There may be particular pain experienced that people can't gather as the church in their old familiar place.
However, the life and work of prayer and worship continues, and we can take this opportunity at home to redsicover afresh a personal prayer life, and what it means to be praying with and as the church wherever we are.
We're unable to gather for worship during Holy Week, but the following resources will hopefuly help in the days to come.
Through this and other resources we hope that Holy Week will be an opportunity for 'domestic bliss' as we celebrate these days within our own familiar place, and know God’s Blessings whereever we are!
Though distanced from the Eucharist - because of our circumstances we can still receive all the spiritual benefits.
"If a person desires to receive the Sacrament" says the Church in Wales, "and is faithful and penitent but by reason of extreme sickness or physical disability is unable to eat and drink the Bread and Wine, the Priest is to assure that person that all the benefits of Communion are received." Here are prayers for use at home to make a Spiritual Communion
Each day at 12 noon and 6 pm, the bells of St Mary's ring out the Angelus: three sets of three single chimes, followed by nine single chimes.
The bells also ring out at other times during the day and have proved to offer a great connection betwen the church and those within the local community who are at home and in earshot of the chimes.
The Shrine of Our Lady of Walsingham may be 250 miles away, but it's close to the heart of many in our parish!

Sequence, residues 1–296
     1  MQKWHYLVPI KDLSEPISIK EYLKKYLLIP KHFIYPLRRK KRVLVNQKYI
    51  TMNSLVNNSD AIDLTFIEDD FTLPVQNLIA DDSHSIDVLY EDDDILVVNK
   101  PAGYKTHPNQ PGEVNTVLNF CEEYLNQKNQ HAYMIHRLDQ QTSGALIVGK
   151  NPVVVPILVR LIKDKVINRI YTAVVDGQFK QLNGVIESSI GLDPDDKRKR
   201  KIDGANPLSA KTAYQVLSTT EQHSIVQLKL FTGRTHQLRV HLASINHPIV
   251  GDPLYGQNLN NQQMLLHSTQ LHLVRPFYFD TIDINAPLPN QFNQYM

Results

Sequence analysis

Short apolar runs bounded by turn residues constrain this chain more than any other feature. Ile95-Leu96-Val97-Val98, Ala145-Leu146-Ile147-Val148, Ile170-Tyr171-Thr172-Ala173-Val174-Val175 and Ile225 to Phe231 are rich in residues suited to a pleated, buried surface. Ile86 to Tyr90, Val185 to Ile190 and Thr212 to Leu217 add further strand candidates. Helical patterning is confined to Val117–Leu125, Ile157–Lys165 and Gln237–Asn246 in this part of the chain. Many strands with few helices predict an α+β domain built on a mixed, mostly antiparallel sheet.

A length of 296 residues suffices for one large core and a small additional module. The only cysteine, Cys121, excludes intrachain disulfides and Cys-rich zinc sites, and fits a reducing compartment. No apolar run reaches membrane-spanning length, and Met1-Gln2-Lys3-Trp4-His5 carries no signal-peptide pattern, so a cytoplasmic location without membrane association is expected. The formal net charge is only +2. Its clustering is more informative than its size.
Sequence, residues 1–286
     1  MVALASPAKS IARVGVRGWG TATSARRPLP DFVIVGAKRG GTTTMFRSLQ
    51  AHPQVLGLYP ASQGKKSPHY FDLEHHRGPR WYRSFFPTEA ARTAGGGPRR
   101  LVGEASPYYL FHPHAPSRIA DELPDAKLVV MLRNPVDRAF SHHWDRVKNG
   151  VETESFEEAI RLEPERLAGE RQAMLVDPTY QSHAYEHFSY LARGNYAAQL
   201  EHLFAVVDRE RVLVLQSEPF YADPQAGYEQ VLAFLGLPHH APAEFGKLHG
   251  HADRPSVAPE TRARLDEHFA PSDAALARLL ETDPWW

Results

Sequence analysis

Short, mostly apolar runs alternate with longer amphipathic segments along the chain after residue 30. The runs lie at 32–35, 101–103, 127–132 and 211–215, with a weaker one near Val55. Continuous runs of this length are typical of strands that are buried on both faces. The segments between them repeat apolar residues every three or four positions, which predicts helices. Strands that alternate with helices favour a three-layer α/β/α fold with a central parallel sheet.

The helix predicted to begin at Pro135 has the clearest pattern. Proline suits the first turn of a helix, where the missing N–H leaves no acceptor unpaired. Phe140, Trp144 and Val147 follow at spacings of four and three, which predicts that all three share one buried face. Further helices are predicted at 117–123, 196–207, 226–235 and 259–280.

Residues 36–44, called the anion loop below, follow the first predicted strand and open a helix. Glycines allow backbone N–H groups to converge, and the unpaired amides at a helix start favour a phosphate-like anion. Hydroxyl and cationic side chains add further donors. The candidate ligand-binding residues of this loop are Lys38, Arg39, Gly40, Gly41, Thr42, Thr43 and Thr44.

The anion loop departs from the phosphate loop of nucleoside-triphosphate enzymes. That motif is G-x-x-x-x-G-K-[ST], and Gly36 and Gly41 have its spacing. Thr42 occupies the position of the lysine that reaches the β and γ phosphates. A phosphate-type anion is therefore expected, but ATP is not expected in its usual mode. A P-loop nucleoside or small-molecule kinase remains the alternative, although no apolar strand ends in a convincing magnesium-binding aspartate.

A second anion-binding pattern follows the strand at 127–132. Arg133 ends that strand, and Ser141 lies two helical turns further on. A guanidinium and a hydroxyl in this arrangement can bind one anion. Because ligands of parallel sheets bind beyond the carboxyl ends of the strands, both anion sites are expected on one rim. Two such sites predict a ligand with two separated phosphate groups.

Part of the daily prayer of the Shrine is Shrine Prayers when the rosary is prayed and various intentions offered. Eventhough the shrine is closed to visitors, the life of prayer continues there and Shrine Prayers are live streamed on Facebook at 6pm each day.
There is an ever deeper sadness at present when many people are unable to attend the funeral of a loved one.
As we follow government guidance on funerals, the prayer resources here are designed to help people to pray for and remember their loved ones at home.
Text copyright Dean Atkins / Parish of Cardiff St Mary the Virgin unless otherwise stated
Life, for a while, is very different. So much of what we took for granted has been removed from us as we learn how to live in a new way. For many, this will create great challenge. Whilst we may feel the pain of not being able to gather with our Christian brothers and sisters to worship together and receive the sacraments, we have the opportunity to discover afresh what it means to be a Christian wherever we happen to be. In the Holy Scriptures and the story of our Salvation, there are many incidents 'at home' - beautiful moments when humanity encounters the divine - for God, in Christ, has come to make his home with us. And so, for a while, we offer this alternative HOME PAGE - or rather AT HOME PAGE as we discover the beauty of being quite at home with God, and seeking his guidance and grace to deal with a new world, a different world.
This AT HOME page is still being developed so please do return regularly for new updates, links and resources!
A traditional devotion for Lent - and Good Friday in particular - is the Stations of the Cross.